Jemaah Islamiyah, Indonesia’s homegrown Islamist extremist group, is quietly re-establishing itself in the country after more than a decade of apparent dormancy, officials and former extremists told Reuters.
Since last month, when supporters of the Islamic State of Iraq and Greater Syria (ISIS) launched an attack with guns and bombs at a bustling Jakarta intersection, attention has returned to the jihadist threat in Indonesia, the world’s largest Muslim country. JI was for many years the face of extremism in the nation, responsible for a series of bombings in the early 2000s that killed hundreds and prompted a crackdown that successfully jailed many of the group’s leaders.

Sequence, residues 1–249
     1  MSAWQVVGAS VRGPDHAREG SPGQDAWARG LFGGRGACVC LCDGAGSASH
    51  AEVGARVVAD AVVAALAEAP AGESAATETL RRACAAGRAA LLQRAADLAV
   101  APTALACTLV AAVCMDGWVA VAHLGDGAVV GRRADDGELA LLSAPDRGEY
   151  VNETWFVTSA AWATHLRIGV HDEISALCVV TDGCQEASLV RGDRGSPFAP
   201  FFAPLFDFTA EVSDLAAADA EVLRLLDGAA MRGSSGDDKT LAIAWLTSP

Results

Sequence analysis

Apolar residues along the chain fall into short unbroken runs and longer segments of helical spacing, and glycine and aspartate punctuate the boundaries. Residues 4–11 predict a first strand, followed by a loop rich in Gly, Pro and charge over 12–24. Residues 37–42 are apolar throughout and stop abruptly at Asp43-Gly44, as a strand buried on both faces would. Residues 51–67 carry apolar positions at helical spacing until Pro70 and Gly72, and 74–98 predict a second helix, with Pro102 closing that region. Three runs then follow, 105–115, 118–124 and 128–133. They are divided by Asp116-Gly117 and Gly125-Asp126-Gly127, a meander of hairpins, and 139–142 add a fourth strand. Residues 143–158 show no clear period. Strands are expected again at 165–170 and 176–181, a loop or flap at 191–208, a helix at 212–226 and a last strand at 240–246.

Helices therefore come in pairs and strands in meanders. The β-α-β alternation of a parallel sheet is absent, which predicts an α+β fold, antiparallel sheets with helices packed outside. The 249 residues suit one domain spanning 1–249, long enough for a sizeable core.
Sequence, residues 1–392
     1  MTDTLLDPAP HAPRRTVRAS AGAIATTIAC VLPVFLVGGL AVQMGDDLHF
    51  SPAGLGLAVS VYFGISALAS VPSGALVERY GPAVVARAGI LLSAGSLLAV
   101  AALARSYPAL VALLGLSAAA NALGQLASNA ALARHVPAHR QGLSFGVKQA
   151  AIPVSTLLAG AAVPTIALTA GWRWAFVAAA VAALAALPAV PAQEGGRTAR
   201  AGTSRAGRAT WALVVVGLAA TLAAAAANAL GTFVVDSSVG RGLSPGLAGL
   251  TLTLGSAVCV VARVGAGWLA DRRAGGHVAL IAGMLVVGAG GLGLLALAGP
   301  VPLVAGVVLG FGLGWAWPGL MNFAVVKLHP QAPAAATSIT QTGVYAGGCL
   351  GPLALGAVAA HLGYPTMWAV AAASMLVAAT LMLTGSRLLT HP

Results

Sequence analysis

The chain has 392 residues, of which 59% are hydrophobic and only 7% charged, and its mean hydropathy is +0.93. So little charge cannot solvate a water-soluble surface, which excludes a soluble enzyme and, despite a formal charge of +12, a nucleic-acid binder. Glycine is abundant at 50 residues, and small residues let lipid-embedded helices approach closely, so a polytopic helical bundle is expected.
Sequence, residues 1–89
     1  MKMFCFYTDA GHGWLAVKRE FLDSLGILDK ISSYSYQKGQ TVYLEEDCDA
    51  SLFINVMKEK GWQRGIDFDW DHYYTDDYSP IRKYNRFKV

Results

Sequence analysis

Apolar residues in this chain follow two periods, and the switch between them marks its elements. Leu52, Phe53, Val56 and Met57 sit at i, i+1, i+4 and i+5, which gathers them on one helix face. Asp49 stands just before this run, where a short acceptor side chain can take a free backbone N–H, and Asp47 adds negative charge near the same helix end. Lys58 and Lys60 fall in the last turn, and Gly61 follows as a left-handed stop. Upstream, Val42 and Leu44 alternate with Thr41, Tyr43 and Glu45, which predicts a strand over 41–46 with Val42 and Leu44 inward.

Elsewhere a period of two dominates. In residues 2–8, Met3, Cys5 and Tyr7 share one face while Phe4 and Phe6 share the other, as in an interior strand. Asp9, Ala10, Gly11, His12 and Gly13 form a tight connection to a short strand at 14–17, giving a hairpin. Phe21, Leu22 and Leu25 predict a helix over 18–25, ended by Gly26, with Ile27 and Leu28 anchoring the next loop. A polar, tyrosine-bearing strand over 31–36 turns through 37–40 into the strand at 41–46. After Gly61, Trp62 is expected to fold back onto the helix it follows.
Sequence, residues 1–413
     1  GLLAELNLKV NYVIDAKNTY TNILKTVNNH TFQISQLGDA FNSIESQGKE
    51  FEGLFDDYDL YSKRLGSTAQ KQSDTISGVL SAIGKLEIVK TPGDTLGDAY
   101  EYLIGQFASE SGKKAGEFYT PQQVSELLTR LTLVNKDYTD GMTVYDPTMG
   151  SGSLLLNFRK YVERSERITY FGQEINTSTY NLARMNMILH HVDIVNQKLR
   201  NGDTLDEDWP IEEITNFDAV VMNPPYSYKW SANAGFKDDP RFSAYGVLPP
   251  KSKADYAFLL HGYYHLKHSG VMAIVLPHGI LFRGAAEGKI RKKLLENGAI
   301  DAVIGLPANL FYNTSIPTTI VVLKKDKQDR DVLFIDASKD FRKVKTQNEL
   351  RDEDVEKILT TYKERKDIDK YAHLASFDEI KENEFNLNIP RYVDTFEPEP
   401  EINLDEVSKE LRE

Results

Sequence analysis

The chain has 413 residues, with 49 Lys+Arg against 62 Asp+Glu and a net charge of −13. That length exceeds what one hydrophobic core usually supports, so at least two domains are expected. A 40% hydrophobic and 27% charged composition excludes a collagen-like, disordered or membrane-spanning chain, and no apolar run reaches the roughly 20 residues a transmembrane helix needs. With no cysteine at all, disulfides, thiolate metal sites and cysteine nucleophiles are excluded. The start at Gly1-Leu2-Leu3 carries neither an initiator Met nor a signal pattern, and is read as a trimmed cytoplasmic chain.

Today, however, the group is rebounding. One analyst in Jakarta told Reuters that JI has about 2,000 active members — roughly where it was prior to the crackdown. Former members of the group, which historically had ties with al-Qaeda, corroborated this.
“JI is currently in preparation level,” Nasir Abbas, a former JI member, told Reuters. “They have not done any operations but they are recruiting people, strengthening their knowledge, education, network and finances. I would not underestimate them.”
The group is reportedly sending members to Syria for “humanitarian support,” but Abu Rusydan, JI’s current leader, said that it is focused on Indonesia.
Though supporters of ISIS claimed responsibility in last month’s attack in Jakarta, which left eight dead including four perpetrators, police say that JI poses a more significant threat to Indonesia given its longer legacy of training and organization.
Security officials say that monitoring the group’s activities has proved difficult, as many of its most important personnel are currently operating from underground.
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